As Baseball America first reported, Jose Abreu, the premier offensive player in Cuba, has defected with the goal of trying to sign a contract to play baseball with a major league team.
Abreu, 26, would hit the market as a free agent and according to Baseball America, will be able to sign as a free agent “exempt from the international signing bonus pools.”
In other words, this power-hitting first baseman has a very lucrative longterm deal coming his way that may eclipse other Cuban defectors before him and greatly so. The bidding for Abreu will not be for the faint of heart.
For now, he’ll be busy establishing legal residency somewhere. He’s reportedly in Haiti for now, but some have speculated the Dominican Republic is where he’ll take up residency. It’s a process that could take 2-3 months which will likely make him the crown jewel of the Hot Stove season. But never mind all that, lets get to the meat and potatoes.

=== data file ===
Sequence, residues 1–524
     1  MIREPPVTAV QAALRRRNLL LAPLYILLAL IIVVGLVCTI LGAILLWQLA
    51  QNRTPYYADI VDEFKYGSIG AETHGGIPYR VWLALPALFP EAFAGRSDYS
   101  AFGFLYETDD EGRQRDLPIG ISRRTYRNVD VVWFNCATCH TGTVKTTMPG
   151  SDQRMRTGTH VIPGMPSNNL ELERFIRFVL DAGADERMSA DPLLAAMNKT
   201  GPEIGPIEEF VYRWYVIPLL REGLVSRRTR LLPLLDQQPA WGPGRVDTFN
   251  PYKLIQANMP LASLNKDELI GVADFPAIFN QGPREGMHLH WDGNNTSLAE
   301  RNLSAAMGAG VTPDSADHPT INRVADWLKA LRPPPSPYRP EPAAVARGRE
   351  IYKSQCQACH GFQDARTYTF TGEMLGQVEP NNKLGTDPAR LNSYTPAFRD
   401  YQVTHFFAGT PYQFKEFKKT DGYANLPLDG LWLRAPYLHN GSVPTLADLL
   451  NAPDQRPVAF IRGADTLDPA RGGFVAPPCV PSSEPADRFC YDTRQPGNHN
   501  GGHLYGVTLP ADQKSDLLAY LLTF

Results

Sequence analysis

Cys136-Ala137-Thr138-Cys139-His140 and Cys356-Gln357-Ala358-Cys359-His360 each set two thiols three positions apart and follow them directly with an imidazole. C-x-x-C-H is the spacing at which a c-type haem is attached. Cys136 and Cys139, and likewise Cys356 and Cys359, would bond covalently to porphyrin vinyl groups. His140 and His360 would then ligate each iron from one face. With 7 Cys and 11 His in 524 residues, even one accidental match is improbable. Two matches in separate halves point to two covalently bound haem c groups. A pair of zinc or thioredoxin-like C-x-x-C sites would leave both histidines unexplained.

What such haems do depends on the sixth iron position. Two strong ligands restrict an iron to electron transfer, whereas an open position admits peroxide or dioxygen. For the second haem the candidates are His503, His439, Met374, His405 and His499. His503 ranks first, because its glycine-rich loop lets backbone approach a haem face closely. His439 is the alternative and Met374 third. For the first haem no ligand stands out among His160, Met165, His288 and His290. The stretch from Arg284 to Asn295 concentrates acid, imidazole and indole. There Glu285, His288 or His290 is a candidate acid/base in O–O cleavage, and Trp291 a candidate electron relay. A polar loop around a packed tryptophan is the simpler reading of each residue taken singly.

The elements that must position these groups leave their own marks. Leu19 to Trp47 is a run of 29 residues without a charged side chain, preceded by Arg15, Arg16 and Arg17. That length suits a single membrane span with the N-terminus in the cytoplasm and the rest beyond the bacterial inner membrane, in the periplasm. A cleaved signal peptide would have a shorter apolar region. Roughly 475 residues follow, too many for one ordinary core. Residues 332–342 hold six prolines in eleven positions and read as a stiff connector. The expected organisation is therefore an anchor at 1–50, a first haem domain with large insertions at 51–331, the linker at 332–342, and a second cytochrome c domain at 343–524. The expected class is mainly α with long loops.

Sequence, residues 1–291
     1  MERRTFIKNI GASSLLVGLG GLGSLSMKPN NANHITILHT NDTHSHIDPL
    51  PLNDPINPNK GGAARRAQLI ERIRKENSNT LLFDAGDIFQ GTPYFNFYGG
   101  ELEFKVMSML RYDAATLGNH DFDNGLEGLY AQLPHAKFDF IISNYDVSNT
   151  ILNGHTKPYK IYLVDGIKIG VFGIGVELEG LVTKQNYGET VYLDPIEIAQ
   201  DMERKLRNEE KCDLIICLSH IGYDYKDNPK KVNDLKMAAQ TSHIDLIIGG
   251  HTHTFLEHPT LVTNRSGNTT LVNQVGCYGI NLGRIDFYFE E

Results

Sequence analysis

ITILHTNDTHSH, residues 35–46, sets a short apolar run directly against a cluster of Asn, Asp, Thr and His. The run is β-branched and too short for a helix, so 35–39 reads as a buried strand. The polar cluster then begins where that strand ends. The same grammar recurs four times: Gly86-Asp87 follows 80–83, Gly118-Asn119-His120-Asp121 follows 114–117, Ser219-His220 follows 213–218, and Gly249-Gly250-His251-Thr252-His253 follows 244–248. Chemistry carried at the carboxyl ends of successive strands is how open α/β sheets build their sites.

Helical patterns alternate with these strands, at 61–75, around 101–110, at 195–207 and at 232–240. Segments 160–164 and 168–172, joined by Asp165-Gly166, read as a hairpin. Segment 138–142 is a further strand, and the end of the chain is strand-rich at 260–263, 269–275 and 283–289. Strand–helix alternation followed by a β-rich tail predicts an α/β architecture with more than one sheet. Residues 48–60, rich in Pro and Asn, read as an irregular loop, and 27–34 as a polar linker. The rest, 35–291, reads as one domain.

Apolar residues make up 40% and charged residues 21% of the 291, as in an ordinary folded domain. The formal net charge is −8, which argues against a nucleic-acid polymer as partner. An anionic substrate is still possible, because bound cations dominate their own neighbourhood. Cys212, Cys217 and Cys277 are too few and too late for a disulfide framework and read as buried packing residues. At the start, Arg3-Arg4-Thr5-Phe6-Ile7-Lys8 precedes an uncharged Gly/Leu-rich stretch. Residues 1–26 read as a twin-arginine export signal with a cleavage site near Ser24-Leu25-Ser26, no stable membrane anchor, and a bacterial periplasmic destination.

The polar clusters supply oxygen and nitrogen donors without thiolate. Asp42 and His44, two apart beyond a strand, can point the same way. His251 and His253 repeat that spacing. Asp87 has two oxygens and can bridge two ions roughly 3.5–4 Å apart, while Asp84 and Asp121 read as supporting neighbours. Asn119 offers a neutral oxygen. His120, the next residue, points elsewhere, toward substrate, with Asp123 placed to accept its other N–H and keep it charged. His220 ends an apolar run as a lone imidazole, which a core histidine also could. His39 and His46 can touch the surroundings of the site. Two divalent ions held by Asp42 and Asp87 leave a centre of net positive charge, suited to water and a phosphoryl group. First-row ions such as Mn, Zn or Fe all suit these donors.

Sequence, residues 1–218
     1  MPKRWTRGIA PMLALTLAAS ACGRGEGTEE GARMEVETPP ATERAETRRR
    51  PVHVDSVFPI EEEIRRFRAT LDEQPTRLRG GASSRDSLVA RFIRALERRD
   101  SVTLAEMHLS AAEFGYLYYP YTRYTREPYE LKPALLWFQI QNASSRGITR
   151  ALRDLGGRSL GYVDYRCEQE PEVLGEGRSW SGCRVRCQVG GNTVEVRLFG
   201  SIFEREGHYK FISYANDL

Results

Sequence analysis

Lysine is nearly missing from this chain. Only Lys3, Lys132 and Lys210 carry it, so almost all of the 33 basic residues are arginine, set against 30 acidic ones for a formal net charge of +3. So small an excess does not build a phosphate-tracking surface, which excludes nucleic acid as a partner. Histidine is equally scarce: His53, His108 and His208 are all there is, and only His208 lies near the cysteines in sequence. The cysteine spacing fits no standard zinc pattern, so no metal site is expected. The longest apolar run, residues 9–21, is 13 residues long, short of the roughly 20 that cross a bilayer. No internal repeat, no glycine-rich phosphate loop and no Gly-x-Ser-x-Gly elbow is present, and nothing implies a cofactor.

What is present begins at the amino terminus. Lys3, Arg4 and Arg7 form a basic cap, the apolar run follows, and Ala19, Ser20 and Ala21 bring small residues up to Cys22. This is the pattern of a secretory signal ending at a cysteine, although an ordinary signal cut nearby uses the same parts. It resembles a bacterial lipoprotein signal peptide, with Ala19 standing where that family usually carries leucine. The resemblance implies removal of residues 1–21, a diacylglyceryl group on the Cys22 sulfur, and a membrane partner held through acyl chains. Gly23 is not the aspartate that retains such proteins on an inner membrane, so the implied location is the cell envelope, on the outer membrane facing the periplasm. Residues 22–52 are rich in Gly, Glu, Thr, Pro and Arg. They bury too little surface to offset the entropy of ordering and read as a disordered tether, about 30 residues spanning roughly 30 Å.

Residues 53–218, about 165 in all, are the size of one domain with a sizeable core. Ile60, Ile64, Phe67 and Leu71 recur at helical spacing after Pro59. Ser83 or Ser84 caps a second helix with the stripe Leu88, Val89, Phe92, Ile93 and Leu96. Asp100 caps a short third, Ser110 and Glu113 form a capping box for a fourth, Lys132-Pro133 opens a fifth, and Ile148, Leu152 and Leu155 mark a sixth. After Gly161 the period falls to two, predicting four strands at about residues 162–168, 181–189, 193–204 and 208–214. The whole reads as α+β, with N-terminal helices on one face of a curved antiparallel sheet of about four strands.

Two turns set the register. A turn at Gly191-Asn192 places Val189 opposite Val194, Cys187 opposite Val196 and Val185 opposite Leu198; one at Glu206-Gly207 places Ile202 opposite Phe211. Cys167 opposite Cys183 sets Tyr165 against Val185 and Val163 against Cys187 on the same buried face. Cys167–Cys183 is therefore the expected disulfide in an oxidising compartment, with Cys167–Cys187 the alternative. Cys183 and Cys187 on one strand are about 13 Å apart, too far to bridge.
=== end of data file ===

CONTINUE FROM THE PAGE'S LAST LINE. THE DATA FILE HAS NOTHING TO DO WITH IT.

Here is some background from him straight from Baseball America:
At 6-foot-3, 250 pounds, Abreu is a physically imposing righthanded hitter with tremendous raw power to all fields, with astounding numbers in Cuba the last several years. He also ranked as the No. 4 prospect among players in the 2013 World Baseball Classic not already signed by an MLB organization.
This year in a Serie Nacional season interrupted by the World Baseball Classic, Abreu hit .382/.535/.735 with 13 home runs, 37 walks and 21 strikeouts in 42 games playing for Cienfuegos. Abreu led Cuba in home runs, on-base percentage, slugging and OPS while ranking second in batting average to earn all-star honors.
During the 2011-12 season, Abreu hit .394/.542/.837 with 35 home runs, 75 walks and 40 strikeouts in 71 games. Abreu led Serie Nacional in batting, OBP (by 63 points over Alfredo Despaigne), slugging (by 142 points over Despaigne) and OPS. Abreu was an all-star and ranked second in homers—only one behind Despaigne despite having 63 fewer plate appearances—although Despaigne still captured the MVP.